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found 3 jackhammer bits at the pawn shop. should i pick them up?


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The breaker hammer bits that I have are within the range for 1045, as Alan said, and as described in that link above. Grant Sarver suggested they might be something like 15B40, which is .4% carbon with a tiny amount of boron to improve hardenability. (He used to make these bits and had a bunch of his competitors' products tested.) That could be; the boron content in 15B40 is so low that it might have been written off as "trace" on the test results I got. (My bits don't have enough Mn to be 15B40, but they could be a similar proprietary alloy.)

 

For $5 each, they're probably worth buying. With the Mn and possibly B, I wouldn't expect them to make good hamon. (Is "hamon" the plural of "hamon"?) But you could use them to make tooling, small hammers, etc.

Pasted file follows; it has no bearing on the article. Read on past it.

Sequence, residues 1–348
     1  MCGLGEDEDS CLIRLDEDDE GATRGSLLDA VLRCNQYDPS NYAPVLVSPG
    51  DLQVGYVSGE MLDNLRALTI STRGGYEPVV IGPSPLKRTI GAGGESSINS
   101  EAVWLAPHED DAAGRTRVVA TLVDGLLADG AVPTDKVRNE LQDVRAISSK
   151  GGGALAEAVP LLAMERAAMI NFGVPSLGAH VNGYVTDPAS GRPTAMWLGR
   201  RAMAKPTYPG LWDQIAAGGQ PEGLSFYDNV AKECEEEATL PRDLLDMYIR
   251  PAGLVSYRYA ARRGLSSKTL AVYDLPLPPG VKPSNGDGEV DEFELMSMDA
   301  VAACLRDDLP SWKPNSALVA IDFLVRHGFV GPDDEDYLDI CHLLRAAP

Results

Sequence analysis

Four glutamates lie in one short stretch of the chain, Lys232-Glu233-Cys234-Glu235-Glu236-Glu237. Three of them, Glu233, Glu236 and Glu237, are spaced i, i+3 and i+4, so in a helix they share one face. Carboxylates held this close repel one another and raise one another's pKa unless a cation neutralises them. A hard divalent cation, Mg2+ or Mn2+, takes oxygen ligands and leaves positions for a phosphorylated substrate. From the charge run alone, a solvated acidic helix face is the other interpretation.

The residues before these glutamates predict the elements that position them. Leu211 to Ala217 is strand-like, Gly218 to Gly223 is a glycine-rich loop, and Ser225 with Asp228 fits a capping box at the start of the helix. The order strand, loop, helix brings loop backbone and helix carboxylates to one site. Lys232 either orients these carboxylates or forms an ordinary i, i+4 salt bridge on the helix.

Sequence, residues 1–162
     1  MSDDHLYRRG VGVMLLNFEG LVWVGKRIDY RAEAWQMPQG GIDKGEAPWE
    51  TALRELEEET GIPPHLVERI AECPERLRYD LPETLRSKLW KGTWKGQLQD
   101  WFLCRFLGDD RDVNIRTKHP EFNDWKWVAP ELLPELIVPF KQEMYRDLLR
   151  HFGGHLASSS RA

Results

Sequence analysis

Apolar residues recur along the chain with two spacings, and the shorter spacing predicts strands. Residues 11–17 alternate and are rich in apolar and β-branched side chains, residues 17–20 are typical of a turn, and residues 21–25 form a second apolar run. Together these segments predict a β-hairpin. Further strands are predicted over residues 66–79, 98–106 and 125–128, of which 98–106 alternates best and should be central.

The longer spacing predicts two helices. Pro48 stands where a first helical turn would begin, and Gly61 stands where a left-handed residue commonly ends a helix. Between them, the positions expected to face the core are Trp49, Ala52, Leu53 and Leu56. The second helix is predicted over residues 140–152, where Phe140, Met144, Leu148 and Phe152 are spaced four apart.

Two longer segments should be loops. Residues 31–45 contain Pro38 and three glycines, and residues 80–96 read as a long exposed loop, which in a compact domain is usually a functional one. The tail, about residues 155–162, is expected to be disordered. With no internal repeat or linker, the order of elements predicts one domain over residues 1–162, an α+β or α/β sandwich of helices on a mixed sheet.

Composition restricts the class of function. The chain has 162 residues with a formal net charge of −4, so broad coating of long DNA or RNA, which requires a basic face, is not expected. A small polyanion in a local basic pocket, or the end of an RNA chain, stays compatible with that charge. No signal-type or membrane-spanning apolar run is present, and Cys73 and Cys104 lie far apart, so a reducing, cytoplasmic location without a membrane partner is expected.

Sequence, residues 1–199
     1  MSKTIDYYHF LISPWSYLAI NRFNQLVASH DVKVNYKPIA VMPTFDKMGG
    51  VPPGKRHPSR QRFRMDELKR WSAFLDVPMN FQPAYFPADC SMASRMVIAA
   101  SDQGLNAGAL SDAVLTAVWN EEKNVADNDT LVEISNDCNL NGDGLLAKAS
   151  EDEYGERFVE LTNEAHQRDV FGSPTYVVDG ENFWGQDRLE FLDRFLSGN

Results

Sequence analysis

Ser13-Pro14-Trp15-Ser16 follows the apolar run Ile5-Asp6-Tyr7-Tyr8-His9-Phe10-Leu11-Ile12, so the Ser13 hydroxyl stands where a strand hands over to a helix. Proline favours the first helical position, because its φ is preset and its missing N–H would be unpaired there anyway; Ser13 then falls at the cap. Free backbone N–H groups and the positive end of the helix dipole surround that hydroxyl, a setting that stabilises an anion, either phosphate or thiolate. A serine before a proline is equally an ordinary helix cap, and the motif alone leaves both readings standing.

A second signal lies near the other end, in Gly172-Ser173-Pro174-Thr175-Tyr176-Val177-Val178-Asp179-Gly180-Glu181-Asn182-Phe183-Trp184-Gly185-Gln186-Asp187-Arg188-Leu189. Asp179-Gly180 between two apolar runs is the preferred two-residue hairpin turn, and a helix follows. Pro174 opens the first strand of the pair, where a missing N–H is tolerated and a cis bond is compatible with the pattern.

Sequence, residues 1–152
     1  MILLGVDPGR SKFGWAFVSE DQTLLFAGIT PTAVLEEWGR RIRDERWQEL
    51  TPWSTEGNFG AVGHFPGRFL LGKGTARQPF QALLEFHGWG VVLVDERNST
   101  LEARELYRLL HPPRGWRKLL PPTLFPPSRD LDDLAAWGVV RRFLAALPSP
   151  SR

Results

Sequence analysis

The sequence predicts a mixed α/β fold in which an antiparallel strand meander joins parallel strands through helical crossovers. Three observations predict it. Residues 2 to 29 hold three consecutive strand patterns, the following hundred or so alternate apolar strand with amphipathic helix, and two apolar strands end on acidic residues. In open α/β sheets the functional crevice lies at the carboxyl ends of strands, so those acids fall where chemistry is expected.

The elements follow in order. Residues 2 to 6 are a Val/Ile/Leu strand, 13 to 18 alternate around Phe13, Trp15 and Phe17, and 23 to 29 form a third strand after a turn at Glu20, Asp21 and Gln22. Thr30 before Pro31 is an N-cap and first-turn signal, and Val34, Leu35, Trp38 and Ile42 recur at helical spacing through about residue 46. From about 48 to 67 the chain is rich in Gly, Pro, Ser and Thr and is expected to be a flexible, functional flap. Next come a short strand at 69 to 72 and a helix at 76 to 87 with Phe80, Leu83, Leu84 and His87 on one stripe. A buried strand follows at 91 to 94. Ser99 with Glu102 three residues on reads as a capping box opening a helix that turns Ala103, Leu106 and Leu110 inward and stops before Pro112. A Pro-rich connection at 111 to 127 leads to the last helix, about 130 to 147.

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Depends a lot on the manufacturer and from what time period. As a general rule, Brunner & Lay have been using a modified 1045 for as long as I can remember. Twenty years ago most of the others were using 1078. During the last twenty years people have experimented with many low alloys. Last I saw Vulcan was using 15B40. Some others like DelSteel and Pioneer were using 9260 in their premium line, 1078 for the rest. My own "Apex Alloy" was 8630. I've been away from it for ten years so some things may have changed.

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